The neighbourhood is just that. A neighbourhood. A community that is connected through family, children, and its inhabitants no matter the age, ethnicity, and religion. Let’s remember that our community encompasses a group of like-minded people who endeavour to maintain a healthy and active social network. Children inevitably grow into young adults and those young adults are inherently adept to making mistakes; errors in judgement; perhaps inducing a raucous gathering or vandalising property. The responsibility lies in the reaction of the adults to discourage the negative behaviour with the understanding that teenagers are also reacting. This has been a difficult and unprecedented year and a half. ‘Normal’ is gone and replaced with something unrecognizable. Masks, limited gatherings, sports activities disappeared then returned, and every occasion has been laced with restrictions. It’s hard to keep up.  Teens are especially sensitive to the ongoings of their social network and with the onslaught of limitations to their access to friends, school, and leisure activities, of course they would get a little, antsy; restless; thoughtless. It’s a by-product of the new social construct. They must figure out a new path, a new way to be a teen without the world watching, and commenting, and proclaiming the youth have become disrespectful degenerates.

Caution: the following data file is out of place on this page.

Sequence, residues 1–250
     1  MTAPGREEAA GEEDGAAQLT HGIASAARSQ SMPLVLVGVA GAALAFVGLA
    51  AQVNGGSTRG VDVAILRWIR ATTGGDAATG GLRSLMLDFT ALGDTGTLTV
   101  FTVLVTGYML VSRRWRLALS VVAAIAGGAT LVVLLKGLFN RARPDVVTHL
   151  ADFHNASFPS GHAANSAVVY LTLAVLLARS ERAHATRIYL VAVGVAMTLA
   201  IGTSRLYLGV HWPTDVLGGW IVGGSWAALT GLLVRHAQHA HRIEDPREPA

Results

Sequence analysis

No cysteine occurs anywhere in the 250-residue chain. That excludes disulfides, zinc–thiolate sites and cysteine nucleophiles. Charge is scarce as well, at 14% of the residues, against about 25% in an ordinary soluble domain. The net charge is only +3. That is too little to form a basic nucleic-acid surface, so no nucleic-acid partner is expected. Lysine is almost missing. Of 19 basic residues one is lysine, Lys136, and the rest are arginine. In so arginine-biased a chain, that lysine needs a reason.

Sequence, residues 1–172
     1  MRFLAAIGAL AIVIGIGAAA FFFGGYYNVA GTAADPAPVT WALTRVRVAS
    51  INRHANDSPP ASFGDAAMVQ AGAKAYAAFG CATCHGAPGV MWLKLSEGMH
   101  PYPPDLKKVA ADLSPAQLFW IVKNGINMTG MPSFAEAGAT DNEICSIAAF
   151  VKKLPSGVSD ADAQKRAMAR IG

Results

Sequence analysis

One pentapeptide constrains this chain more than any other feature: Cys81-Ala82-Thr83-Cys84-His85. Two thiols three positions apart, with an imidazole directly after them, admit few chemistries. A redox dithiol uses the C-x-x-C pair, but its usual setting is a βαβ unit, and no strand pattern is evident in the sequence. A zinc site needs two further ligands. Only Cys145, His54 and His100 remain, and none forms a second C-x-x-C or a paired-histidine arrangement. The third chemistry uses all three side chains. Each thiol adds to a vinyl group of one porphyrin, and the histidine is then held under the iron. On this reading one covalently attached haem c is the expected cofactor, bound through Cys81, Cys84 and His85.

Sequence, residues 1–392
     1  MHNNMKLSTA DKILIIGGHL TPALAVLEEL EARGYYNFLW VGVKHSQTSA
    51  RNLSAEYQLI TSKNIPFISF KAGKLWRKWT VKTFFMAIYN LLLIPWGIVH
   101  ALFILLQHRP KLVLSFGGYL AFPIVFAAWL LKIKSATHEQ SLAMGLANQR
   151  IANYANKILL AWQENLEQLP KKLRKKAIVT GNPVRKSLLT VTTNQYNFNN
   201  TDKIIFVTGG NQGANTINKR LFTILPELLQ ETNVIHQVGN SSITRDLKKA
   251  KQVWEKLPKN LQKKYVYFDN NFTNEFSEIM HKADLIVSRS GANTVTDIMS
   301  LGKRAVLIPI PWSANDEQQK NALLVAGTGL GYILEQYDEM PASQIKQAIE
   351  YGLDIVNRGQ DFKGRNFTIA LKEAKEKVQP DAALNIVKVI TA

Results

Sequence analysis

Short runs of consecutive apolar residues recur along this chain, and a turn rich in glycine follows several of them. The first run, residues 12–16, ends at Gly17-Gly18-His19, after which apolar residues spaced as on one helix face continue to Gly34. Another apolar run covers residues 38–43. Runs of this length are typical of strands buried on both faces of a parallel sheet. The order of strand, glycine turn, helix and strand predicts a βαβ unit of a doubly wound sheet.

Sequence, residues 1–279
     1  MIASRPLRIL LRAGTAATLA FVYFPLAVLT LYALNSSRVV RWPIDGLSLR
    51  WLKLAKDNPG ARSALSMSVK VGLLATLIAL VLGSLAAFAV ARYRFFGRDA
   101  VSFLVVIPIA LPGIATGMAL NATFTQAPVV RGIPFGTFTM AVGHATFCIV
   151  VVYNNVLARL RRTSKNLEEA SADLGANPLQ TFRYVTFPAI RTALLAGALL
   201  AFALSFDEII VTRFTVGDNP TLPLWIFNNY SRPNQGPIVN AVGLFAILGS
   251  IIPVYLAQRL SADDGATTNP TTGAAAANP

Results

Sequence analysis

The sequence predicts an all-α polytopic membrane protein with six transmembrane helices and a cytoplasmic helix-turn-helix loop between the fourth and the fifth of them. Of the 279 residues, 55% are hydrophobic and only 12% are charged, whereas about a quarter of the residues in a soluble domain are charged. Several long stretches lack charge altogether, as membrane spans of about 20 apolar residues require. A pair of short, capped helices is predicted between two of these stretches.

No, they haven’t. They just haven’t been given the opportunity to show off their community mindedness due to the few that have reacted differently to a challenging situation. Or, you haven’t noticed.  You haven’t seen the youth who are volunteering virtually, who are helping behind the scenes, who are standing in line at the grocery store for their elderly neighbour, or who are working jobs and getting spat on for the inhuman act of asking someone to wear a mask. Instead, you’ve seen the vulnerable insecure few who have chosen to perform on a small stage and been ridiculed for it.  

Take a breath.

In the meantime, the pirate cat can come over anytime.


A Dance In The Hurricane

This is a post I wrote a few years ago. It speaks of lost childhood and becoming a spectator in your child’s life. Enjoy.

Kayjai